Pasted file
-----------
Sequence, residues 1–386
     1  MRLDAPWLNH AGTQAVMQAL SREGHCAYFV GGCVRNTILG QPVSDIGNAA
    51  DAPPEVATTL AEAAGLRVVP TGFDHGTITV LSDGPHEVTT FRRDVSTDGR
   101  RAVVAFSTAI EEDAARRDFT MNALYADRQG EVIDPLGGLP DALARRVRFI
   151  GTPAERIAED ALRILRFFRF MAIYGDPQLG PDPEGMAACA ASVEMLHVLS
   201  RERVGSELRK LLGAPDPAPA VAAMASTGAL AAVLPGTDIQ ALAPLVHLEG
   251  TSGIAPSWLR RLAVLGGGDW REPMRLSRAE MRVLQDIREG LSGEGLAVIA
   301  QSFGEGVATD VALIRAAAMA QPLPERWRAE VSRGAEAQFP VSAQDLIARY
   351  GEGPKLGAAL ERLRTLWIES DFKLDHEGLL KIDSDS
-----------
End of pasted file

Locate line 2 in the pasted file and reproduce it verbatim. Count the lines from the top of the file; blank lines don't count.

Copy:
     1  MRLDAPWLNH AGTQAVMQAL SREGHCAYFV GGCVRNTILG QPVSDIGNAA